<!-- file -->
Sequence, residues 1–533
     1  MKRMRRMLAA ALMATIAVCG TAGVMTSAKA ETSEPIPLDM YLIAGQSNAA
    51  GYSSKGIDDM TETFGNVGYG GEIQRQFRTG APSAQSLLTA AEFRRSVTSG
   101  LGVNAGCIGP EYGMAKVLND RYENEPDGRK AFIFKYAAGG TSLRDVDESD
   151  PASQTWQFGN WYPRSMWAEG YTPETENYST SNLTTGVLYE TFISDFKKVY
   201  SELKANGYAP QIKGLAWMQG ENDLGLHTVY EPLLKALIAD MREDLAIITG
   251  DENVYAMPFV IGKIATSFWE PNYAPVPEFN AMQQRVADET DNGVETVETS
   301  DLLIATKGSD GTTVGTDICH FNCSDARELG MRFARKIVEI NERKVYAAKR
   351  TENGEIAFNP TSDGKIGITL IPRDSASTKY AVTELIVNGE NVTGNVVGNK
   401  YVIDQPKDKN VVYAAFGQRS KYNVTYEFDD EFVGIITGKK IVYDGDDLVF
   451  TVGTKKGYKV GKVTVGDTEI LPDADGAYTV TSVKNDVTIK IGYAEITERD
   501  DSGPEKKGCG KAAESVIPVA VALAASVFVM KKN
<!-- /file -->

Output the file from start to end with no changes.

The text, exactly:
Sequence, residues 1–533
     1  MKRMRRMLAA ALMATIAVCG TAGVMTSAKA ETSEPIPLDM YLIAGQSNAA
    51  GYSSKGIDDM TETFGNVGYG GEIQRQFRTG APSAQSLLTA AEFRRSVTSG
   101  LGVNAGCIGP EYGMAKVLND RYENEPDGRK AFIFKYAAGG TSLRDVDESD
   151  PASQTWQFGN WYPRSMWAEG YTPETENYST SNLTTGVLYE TFISDFKKVY
   201  SELKANGYAP QIKGLAWMQG ENDLGLHTVY EPLLKALIAD MREDLAIITG
   251  DENVYAMPFV IGKIATSFWE PNYAPVPEFN AMQQRVADET DNGVETVETS
   301  DLLIATKGSD GTTVGTDICH FNCSDARELG MRFARKIVEI NERKVYAAKR
   351  TENGEIAFNP TSDGKIGITL IPRDSASTKY AVTELIVNGE NVTGNVVGNK
   401  YVIDQPKDKN VVYAAFGQRS KYNVTYEFDD EFVGIITGKK IVYDGDDLVF
   451  TVGTKKGYKV GKVTVGDTEI LPDADGAYTV TSVKNDVTIK IGYAEITERD
   501  DSGPEKKGCG KAAESVIPVA VALAASVFVM KKN